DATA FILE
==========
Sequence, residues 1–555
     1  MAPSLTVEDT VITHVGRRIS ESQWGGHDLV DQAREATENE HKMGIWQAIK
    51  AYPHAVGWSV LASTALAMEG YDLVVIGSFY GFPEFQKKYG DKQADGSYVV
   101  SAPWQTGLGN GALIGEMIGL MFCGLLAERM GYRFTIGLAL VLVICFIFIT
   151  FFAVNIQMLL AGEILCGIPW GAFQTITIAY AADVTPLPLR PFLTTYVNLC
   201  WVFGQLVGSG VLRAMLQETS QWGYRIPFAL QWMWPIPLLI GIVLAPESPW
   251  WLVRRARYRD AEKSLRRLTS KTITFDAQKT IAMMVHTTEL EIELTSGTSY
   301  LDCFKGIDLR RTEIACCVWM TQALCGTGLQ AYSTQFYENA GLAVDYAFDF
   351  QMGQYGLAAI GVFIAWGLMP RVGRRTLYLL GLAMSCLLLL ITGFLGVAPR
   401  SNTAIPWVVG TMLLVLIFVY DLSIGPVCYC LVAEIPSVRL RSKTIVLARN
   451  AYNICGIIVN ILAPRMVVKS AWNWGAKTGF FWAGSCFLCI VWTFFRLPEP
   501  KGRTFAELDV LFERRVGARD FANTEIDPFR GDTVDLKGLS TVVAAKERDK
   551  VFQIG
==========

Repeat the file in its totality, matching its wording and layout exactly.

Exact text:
Sequence, residues 1–555
     1  MAPSLTVEDT VITHVGRRIS ESQWGGHDLV DQAREATENE HKMGIWQAIK
    51  AYPHAVGWSV LASTALAMEG YDLVVIGSFY GFPEFQKKYG DKQADGSYVV
   101  SAPWQTGLGN GALIGEMIGL MFCGLLAERM GYRFTIGLAL VLVICFIFIT
   151  FFAVNIQMLL AGEILCGIPW GAFQTITIAY AADVTPLPLR PFLTTYVNLC
   201  WVFGQLVGSG VLRAMLQETS QWGYRIPFAL QWMWPIPLLI GIVLAPESPW
   251  WLVRRARYRD AEKSLRRLTS KTITFDAQKT IAMMVHTTEL EIELTSGTSY
   301  LDCFKGIDLR RTEIACCVWM TQALCGTGLQ AYSTQFYENA GLAVDYAFDF
   351  QMGQYGLAAI GVFIAWGLMP RVGRRTLYLL GLAMSCLLLL ITGFLGVAPR
   401  SNTAIPWVVG TMLLVLIFVY DLSIGPVCYC LVAEIPSVRL RSKTIVLARN
   451  AYNICGIIVN ILAPRMVVKS AWNWGAKTGF FWAGSCFLCI VWTFFRLPEP
   501  KGRTFAELDV LFERRVGARD FANTEIDPFR GDTVDLKGLS TVVAAKERDK
   551  VFQIG